Like it or not, the increased level of remote work is here to stay. For many people, remote work sounds like the best of both worlds. Remote is a style of work that doesn’t tie you down to a physical location, however, it may not be right for everyone.

A remote worker may work at home or as they travel the globe. It really can be the best of both worlds. But before you go down that path, there are some pros and cons one must consider to help decide if it’s right for you.

One of the most significant advantages of remote work is the freedom and flexibility it affords. You can travel the world working anywhere with just a computer and Wi-Fi connection.

You can be an entrepreneur who manages their business from exotic places. Or, you can work at home and never have to deal with the commute and the hassles of an office.

Now, one of the challenges of working on your own is the immense discipline it requires. You no longer have your boss and coworkers there with you to help you stay on track.

One runs the risk of blowing off work, which is especially attractive if you’re living by the beach somewhere. You’ll have a whole new world of potential distractions. Also, if you own your own business, you’ll be the one planning your long-term growth strategy.

Another advantage of remote work is its cost-effectiveness. As a business owner, you don’t need to invest in a workspace or pay utility bills. Your home is your office.

If you’re working for others, you can save money on all the expenses associated with traveling to work. You can also relocate to a country with a favorable exchange rate where your pay goes further.

Remote work can be useful for your work-life balance but can also be deadly for it. It’s easy to blur your business and professional life when you work remotely. New remote workers tend to spend too much time on work and neglect their personal life. If you plan to work this way, you’ll need to develop some strategies to help you maintain balance.

Since you’re not physically connected to work, the remote work lifestyle lends itself well to a good work-life balance. Working at home, you can spend more time with your family. You’ll have more time to enjoy the things you love doing. If you or your spouse wants to move, you can pick up and move without quitting your job.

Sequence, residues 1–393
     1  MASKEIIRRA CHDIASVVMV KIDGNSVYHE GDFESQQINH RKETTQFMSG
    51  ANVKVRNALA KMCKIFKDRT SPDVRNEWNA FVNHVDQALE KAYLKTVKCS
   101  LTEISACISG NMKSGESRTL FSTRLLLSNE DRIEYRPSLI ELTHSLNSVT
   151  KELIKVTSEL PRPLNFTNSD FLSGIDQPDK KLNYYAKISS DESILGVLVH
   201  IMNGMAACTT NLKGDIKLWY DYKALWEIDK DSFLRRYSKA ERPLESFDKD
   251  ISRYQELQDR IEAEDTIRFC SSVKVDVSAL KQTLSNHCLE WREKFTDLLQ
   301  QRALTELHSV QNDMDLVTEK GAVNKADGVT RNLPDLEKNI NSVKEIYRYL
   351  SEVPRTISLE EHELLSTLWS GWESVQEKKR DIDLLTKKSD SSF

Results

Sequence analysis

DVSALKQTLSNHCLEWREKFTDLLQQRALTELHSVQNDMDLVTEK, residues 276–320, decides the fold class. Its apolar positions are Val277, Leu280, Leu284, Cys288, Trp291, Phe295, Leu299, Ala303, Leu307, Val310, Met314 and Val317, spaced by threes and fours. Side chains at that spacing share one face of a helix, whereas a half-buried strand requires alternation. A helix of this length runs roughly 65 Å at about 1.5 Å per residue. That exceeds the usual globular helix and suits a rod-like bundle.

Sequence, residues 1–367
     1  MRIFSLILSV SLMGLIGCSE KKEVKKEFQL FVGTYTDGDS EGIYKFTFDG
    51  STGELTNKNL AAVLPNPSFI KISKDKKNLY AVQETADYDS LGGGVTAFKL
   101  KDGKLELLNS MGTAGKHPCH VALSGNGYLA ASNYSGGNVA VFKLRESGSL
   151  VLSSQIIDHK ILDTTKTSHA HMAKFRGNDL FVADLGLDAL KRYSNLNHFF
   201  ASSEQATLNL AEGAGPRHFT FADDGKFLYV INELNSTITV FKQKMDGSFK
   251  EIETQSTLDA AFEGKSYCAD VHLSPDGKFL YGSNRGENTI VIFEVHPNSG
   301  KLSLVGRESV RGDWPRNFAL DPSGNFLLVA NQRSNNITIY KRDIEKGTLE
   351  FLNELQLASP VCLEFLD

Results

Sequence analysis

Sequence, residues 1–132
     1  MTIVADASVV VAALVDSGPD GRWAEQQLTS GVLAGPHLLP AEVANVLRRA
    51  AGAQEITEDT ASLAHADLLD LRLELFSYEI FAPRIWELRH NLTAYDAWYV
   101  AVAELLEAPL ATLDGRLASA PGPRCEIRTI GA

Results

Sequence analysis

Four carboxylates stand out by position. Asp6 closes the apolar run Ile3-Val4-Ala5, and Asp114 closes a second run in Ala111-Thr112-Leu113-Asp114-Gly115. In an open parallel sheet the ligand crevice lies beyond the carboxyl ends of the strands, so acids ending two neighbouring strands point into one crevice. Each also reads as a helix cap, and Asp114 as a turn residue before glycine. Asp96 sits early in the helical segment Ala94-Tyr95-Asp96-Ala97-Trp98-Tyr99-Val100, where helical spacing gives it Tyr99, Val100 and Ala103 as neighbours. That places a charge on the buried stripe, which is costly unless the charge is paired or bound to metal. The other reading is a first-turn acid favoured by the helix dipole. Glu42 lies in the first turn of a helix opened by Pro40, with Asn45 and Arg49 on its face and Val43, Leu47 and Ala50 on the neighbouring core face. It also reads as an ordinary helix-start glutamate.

Now, there’s one last thing…

Technology enables us to live and work anywhere efficiently, but it can also present some hurdles. Your current workplace takes care of the internet and equipment for you.

If you plan to work remotely, you’ll have to supply your hardware, accessories, backups, batteries, and internet connection. Depending on what technology you need for work, this can be quite challenging. The good news is there are many resources available to help you with your technology infrastructure. Both for free and for-fee!

Given the factors discussed, how does working remotely sound to you?

“Nearly Three in Four CFOs Plan to Shift at Least 5% of Previously On-Site Employees to Permanently Remote Positions Post-COVID 19”

Gartner, Inc.

If you feel remote work is right for you, keep in mind the many challenges and develop strategies to address them. Remote work has its problems, but many who do remote work find the pros far outweigh the cons.

Is remote work right for you?

#YourLeadershipGuide
Kim


Want to learn more about remote work? Check out my free webinar, Success Overcoming Remote Challenges, by clicking HERE.

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    About the author

    Hi, I'm Kim, Your Leadership Guide. I equip aspiring leaders to lead with confidence, emerging leaders to expand their influence, and accomplished leaders to achieve significance!


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